It’s been a while…

It’s been a while since I sat at my laptop and wrote a blog post. It’s been such a tumultuous time, so much going on in the world, so many changes and because of that I haven’t felt like publishing a blog post. However, I had a lovely chat with a friend as she picked up a cake order a few months ago. She asked why I hadn’t published any blogs recently as she’d missed my reading them and when I said I had been nervous to as I hadn’t written for so long, she said, you really should write again, it’s always eye opening, interesting and educational. So, I thought, maybe I should.

As we do do throughout our lives, we live and learn. There are things that I am always a bit scared to write on here for fear of upsetting people or saying it in the wrong way. But then I remind myself that this is my safe space, it’s my truth and it’s always been about getting it out there to educate people on life with an invisible illness.

In October I will have been home and ill for 7 years and let me tell you, it truly feels like it’s been that long. And in all honesty, for some people around me, I think it feels that long to them too and not always in a good way. I have definitely felt the pain from some being ‘over it.’ At times, I feel like I am becoming more and more invisible in my own life, absent from it in so many ways. And then it dawned on me that by not writing my blog posts anymore, that’s another area of my life that I’m absent from. In a way, I’ve stopped advocating for myself and the M.E community that I hold so dear.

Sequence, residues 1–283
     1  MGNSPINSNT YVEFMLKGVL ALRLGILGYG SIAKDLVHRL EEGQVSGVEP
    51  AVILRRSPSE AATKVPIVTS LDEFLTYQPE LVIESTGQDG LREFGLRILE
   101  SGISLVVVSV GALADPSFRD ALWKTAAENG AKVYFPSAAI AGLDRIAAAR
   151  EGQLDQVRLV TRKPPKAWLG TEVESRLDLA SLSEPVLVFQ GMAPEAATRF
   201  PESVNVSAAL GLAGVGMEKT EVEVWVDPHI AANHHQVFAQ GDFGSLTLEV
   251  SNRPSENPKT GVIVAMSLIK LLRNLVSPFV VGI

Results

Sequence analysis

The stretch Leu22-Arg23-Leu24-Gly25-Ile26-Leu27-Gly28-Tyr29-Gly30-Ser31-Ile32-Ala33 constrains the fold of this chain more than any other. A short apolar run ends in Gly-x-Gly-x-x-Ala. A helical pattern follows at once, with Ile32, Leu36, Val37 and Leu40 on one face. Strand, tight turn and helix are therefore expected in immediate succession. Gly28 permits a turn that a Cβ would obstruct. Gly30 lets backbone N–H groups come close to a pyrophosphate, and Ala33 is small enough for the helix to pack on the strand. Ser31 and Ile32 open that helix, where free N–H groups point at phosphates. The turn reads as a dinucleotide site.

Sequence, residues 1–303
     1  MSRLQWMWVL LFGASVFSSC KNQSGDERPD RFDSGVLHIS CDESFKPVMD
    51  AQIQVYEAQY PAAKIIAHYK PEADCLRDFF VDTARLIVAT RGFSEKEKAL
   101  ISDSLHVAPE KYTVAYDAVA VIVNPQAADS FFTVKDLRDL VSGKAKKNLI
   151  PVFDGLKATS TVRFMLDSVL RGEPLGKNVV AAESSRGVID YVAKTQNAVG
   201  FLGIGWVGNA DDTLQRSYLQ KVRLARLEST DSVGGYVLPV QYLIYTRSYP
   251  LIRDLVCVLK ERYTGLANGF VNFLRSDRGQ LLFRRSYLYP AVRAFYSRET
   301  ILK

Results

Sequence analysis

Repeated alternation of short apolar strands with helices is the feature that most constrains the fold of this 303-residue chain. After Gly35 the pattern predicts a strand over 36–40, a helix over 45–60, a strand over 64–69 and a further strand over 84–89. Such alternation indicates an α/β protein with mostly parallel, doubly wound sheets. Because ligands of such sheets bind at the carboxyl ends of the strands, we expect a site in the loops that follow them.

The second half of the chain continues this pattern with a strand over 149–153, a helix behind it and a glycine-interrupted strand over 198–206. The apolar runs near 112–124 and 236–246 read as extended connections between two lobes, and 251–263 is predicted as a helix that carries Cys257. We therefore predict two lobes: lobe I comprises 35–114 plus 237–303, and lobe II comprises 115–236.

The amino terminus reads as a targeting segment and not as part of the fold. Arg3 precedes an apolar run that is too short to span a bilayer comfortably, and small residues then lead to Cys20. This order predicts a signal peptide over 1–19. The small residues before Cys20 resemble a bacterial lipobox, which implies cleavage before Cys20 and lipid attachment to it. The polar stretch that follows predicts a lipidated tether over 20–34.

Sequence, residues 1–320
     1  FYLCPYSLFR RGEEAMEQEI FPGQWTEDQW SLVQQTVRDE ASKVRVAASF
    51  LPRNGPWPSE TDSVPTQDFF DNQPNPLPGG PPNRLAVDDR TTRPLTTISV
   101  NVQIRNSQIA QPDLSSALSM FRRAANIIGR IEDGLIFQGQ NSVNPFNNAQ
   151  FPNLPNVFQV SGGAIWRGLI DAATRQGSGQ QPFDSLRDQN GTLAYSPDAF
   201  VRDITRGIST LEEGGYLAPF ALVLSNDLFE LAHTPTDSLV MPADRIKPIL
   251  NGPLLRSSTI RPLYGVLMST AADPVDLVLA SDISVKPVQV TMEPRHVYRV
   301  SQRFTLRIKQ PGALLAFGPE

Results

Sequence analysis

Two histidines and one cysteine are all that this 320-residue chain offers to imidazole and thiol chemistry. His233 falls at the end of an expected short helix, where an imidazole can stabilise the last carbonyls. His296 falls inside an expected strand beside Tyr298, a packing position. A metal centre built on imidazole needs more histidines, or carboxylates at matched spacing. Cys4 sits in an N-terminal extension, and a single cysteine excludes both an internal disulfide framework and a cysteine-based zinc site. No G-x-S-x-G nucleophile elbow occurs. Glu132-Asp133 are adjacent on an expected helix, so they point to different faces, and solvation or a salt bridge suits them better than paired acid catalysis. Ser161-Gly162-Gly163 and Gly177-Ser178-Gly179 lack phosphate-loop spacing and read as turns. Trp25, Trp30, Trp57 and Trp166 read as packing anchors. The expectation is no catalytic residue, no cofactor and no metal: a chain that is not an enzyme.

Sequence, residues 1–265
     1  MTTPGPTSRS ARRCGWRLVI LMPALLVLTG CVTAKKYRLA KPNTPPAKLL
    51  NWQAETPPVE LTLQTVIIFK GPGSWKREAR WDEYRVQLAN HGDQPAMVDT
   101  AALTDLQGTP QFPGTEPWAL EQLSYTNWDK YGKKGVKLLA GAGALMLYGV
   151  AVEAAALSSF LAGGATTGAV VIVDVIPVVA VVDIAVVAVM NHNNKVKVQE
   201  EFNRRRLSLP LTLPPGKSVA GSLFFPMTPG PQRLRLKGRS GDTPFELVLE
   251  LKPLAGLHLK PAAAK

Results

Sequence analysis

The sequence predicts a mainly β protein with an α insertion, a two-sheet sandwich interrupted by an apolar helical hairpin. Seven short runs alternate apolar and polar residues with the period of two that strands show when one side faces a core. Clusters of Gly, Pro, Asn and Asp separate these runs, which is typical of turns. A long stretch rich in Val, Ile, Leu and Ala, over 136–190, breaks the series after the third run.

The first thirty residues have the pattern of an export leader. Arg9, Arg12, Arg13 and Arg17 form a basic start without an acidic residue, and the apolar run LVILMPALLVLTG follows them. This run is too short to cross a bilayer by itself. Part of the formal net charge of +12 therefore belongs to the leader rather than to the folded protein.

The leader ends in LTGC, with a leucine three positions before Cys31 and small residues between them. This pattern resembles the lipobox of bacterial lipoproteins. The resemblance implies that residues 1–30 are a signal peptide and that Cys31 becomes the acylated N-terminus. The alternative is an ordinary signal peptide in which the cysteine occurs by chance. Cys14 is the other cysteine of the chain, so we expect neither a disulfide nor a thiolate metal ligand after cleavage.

Therefore, it felt fitting to publish this post today, on May 12th, which is the Millions Missing and International M.E Awareness Day.

I am having to remind myself on a daily basis that I do live in my own bubble. A bubble that allows me time to think over the smallest of things and dwell on them. I can’t have the release of getting up and on with my life in the way others can to distract from things that happen. So, things that upset and hurt me, probably sting for longer because to me, they are much bigger. Losses feel bigger, hurt feels harder, sadness feels all consuming and moving on take longer.